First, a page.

The process of reversing a game can seem overwhelming the first time you attach a debugger to a game. The best way to start reversing a game is to figure out what you want to look at and then find where it is. Once you establish this context, you can step through only those instructions that actually matter to you.

There are many ways to establish a context. In some cases, you may want to search for text that is displayed when the game does a certain action. Any locations that load this text must eventually be related to the action that you are interested in. In other cases, you can use memory addresses found in the memory editor to find the code that you are interested in. Regardless of which approach you take, you will use a breakpoint.


Breakpoints allow the debugger to pause execution of the game at a specific instruction. With the game paused, you can then step through individual instructions and view the game’s memory. You can set breakpoints on any type of memory. This includes memory found using a memory scanner.

Breakpoints can be set to trigger both non-conditionally and conditionally. Conditional breakpoints will only trigger if their conditions are met. These conditions can be things like registers having a certain value or the memory (that the breakpoint is set on) changing. When a breakpoint is triggered, it’s also known as popping.

Memory Breakpoints

The best way to illustrate the use of breakpoints is through an example. In this section, we will examine how a memory breakpoint can be used to establish a context.

Back in the Memory Hack lesson, we found the memory location of our gold. We can use this memory location to find the game logic responsible for lowering our gold. We do this by setting a conditional breakpoint on the memory location of our gold and then going into the game to recruit a unit. When we recruit the unit, the breakpoint will pop and execution will be paused at the function responsible for lowering the player’s gold. This function may look something like below, with the highlighted line (->) representing our paused location.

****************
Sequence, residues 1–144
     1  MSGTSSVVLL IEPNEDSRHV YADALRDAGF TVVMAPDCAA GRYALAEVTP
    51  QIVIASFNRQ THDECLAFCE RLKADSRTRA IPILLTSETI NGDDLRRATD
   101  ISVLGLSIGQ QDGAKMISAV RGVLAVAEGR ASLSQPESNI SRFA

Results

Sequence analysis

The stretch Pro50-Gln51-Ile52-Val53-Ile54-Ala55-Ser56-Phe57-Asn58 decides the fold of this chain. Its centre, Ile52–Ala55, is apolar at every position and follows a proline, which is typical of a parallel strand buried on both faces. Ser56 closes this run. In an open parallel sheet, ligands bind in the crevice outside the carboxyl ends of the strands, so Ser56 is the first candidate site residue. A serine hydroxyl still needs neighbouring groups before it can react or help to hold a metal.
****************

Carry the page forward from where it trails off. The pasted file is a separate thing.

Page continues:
mov eax, dword ptr ds:[0x05500ABC]
   mov ebx, dword ptr ds:[0x12345678]
   sub eax, ebx
-> mov dword ptr ds:[0x05500ABC], eax
   mov esi, ebx 

The first instruction moves the value stored at 0x05500ABC into the register eax. This value was the location we found in our previous lesson for gold. The next instruction moves a hypothetical value for the unit’s cost into the register ebx. The game then subtracts the unit’s cost from our gold value. Our paused location is responsible for moving the new value of gold back into the memory location that stores our gold value.

You may notice that the game did not pause on the subtraction operation. This is because this operation only modifies the value in the register and not the actual value of the memory we set the breakpoint on. Breakpoints will always pause on the instruction immediately after the affected memory.

Code Breakpoints

Sometimes it may be difficult or impossible to find a memory value to set a breakpoint on. In these cases, you can set a breakpoint on a section of code. A common example of this is setting a breakpoint on a text reference and then using that to find the top-level function we are interested in.

Consider a game for which we want to write a wallhack. The game’s main loop may look something like:

void main_loop(){

And the game’s draw_wall function may look something like:

void draw_walls(){
    bool succeeded = load_texture("wall_texture");
    if(succeeded == false){

Finally, the print_error function may look something like:

void print_error(){
    print_to_log("Couldn't find wall texture");

One method of writing a wallhack is to remove this game’s draw_wall function. Since there is no variable to use as a memory breakpoint, we will instead use a code breakpoint.

Debuggers allow you to view all the text in a game and all the locations that use that text. For example, with a debugger, we could find the Couldn’t find wall texture text and where it is referenced. It may look something like:

mov eax, dword ptr ds:[0x23456789]
push eax
call print_to_log

This section of code is responsible for loading the string into a register and then calling the print_to_log function. By setting a breakpoint on this code and then finding a missing texture in the game, our breakpoint would pop. We could then continue to step through the code until it returned us to the function that called this code. This is known as stepping out of a function. After we have stepped out, we would be in the draw_wall function and could then remove the function.

The nop Instruction

A nop (opcode 0x90) stands for no operation. When encountering this instruction, a CPU will do nothing and continue on to the next instruction. This behavior can be used to modify game logic.

For example, in Memory Breakpoints section above, we found the portion of code responsible for subtracting our gold. The code looked like:

mov eax, dword ptr ds:[0x05500ABC]
mov ebx, dword ptr ds:[0x12345678]
sub eax, ebx
mov dword ptr ds:[0x05500ABC], eax

By replacing the sub operation with a nop, the game will no longer subtract our gold.


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